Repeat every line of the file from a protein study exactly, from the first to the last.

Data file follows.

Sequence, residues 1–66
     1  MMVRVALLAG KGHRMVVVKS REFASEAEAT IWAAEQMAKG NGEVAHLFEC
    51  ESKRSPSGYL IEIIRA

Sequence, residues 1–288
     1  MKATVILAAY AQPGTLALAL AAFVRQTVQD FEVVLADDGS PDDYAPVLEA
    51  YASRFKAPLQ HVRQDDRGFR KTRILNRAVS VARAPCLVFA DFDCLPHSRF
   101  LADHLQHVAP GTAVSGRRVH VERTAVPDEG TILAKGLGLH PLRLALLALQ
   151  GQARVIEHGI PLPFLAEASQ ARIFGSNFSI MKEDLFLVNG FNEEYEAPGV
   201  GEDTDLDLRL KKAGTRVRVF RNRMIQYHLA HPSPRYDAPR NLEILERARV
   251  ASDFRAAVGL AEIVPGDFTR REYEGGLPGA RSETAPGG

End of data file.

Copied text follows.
Sequence, residues 1–66
     1  MMVRVALLAG KGHRMVVVKS REFASEAEAT IWAAEQMAKG NGEVAHLFEC
    51  ESKRSPSGYL IEIIRA

Sequence, residues 1–288
     1  MKATVILAAY AQPGTLALAL AAFVRQTVQD FEVVLADDGS PDDYAPVLEA
    51  YASRFKAPLQ HVRQDDRGFR KTRILNRAVS VARAPCLVFA DFDCLPHSRF
   101  LADHLQHVAP GTAVSGRRVH VERTAVPDEG TILAKGLGLH PLRLALLALQ
   151  GQARVIEHGI PLPFLAEASQ ARIFGSNFSI MKEDLFLVNG FNEEYEAPGV
   201  GEDTDLDLRL KKAGTRVRVF RNRMIQYHLA HPSPRYDAPR NLEILERARV
   251  ASDFRAAVGL AEIVPGDFTR REYEGGLPGA RSETAPGG